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Sharing lessons learned

Jeff and Tammy Casey, 2022.

Jeff and Tammy Casey, 2022.

Born the youngest of four children in Pugwash, Nova Scotia, Jeff Casey describes himself as an outdoors person. “I’ve been hunting and fishing since I was knee-high to a grasshopper,” he remembers.

He joined the Army Cadets while in high school. He loved the camaraderie and the outdoor activities, but a trip to a military base left a deep impression. “We got to go to Gagetown and see all the cool stuff,” he says. “I loved seeing the Leopard 2 tanks. I wanted to drive one since I was 14.”

After high school, Jeff applied to join the Canadian Armed Forces. Five years later, in 1996, the Royal Canadian Navy accepted him. “It was a secure job at a time when I had been laid off, I had a son (Brandon) who was one-and-a-half years old, a family to support and a house to pay for.”

Jeff began his Naval career as a sonar operator on the HMCS Fredericton in 1997. The “Freddy” took Jeff across oceans and around the world, including Expo 98 in Lisbon, Portugal.

Aboard the HMCS Preserver, Jeff had his first major injury when he fell into a rigid-hulled inflatable boat. “I was 24 years old and felt bulletproof,” he says. The back and knee injuries he suffered would come back to haunt him years later.

Jeff’s role as sonar operator wasn’t his preferred choice of trade. “It wasn’t me: sitting at a screen all day, tracking submarines.” Jeff released from the Navy in 1999, but soon missed it and rejoined after six months. This time, he selected the trade he had wanted in the first place: electrician. “I had learned a lot of things. For example, that I could say ‘no.’”

He was deployed on the HMCS Halifax. The frigate was near Scotland when the crew learned of the September 11, 2001, terrorist attacks on the United States. “We thought at first that it was an exercise.”

By the end of October 2001, the Halifax was in the Persian Gulf, escorting other ships. “It was a tense and exciting time,” Jeff says. “It felt real.” However, being away from his family that Christmas season was difficult.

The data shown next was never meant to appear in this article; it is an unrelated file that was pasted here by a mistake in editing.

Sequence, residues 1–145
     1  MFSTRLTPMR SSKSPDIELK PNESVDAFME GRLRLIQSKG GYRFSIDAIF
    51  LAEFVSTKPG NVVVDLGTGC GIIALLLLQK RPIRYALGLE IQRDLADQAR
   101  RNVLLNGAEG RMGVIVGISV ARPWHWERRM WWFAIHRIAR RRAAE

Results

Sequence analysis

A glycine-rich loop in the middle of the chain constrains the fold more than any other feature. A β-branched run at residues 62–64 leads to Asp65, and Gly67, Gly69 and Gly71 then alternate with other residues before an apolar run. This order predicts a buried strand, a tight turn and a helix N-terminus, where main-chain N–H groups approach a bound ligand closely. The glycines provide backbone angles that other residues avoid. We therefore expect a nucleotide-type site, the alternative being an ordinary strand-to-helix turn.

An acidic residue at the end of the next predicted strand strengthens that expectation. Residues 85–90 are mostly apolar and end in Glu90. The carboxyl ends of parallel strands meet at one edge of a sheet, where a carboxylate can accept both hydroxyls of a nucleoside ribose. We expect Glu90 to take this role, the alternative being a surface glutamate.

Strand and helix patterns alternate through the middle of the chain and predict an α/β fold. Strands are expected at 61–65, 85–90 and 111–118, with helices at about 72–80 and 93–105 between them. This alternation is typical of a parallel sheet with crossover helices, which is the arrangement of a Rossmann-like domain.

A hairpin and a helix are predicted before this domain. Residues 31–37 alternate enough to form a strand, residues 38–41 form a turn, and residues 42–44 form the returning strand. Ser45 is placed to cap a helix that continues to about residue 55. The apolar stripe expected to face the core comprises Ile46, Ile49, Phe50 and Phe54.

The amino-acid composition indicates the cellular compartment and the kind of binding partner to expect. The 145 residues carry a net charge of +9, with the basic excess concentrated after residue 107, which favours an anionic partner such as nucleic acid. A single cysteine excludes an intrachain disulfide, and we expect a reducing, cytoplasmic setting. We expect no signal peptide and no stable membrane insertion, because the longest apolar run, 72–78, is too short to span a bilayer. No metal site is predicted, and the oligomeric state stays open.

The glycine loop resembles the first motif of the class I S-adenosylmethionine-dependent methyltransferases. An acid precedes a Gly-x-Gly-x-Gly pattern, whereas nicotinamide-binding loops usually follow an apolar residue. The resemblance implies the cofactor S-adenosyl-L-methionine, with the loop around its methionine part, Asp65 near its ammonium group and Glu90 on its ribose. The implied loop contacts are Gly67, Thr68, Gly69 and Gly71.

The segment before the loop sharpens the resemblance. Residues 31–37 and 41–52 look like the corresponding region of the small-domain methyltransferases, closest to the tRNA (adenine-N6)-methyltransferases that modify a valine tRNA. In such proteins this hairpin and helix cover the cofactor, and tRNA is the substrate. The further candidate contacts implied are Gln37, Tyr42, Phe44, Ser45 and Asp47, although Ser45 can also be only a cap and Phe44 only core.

Jeff served on the Halifax until 2005, then took a security training course. In 2010, he was working as an airfield security officer in Kandahar, Afghanistan. “It was different. First of all, it wasn’t a ship. It seemed to be a mundane job when I volunteered for it.” Even with daily rocket attacks. “You got used to them.”

Master Seaman (Retired) Jeff Casey standing in front of a helicopter.

Master Seaman (Retired) Jeff Casey standing in front of a helicopter.

But a night attack on the Kandahar base in May 2010 contributed to mental and emotional injuries that Jeff would carry for years. After six months, Jeff rotated out of Afghanistan.

In 2012, he was back on the HMCS Halifax, promoted to Petty Officer, Second Class, as an Integrated Machine Control System (IMCS) technician.

By 2016, after service of 19 years and 100 days, Jeff medically released from the CAF with back and knee injuries and PTSD symptoms stemming partly from the experience in Kandahar. “I was a mess,” Jeff says of the time. “It affected my family life.”

His living conditions didn’t help, as he rented a room in Halifax to be close to work while his family lived two hours away in Port Howe, NS.

Jeff found transition difficult. “I was angry when I released medically—angry about the way I was treated. One coxswain told me ‘The Navy doesn’t want people like you.’”

“I felt like I lost my identity when I was medically released.”

“Because of my back and knee injuries, I couldn’t find work in construction. It was devastating—I had worked all my life.” Characteristically, Jeff took the solution into his own hands. He bought a small sawmill, cutting lumber more for therapy than anything else. “Life is more enjoyable now.”

Jeff looked for mental health support from professionals at the Stadacona base in Halifax. He credits an “awesome case manager” with putting him in touch with VAC services.

To help himself and others with PTSD, Jeff started a support group, which he called “Coffee Talk.” It’s an informal gathering in the evening where Veterans of the CAF, corrections officers, police force members and others can share experiences and resources. “It’s good to have someone hear their voice.” Jeff offers the lessons he has learned from service and transition, such as self-advocating and navigating the system.

Jeff turned to an organization called Challenge Factory for help. With funding from VAC’s Veteran and Family Well-Being Fund, Challenge Factory helps match the needs of small and medium-sized businesses with the skills and talent of Veterans. Jeff wasn’t looking for a new job himself, but wanted to learn more so he could help other Veterans.

“Every Veteran is different. We have a lot of skills and experience to offer.”

Jeff Casey’s transition tips

  • Ask for help. Don’t think you’re invincible, and don’t think issues are a sign of weakness.
  • When it comes to delays in getting answers or access to services and benefits, don’t take them personally. Complicated health decisions can take time.
  • Advocate for yourself.
  • Put anger aside; remain calm and communicate clearly.
  • Do your research into all the opportunities out there through VAC, OSISS and peer support.
  • Put your own mental health and recovery first. If you want to help others, make sure it doesn’t jeopardize your own mental health and recovery.

You can find information on transition services on the Transition page on VAC’s website.

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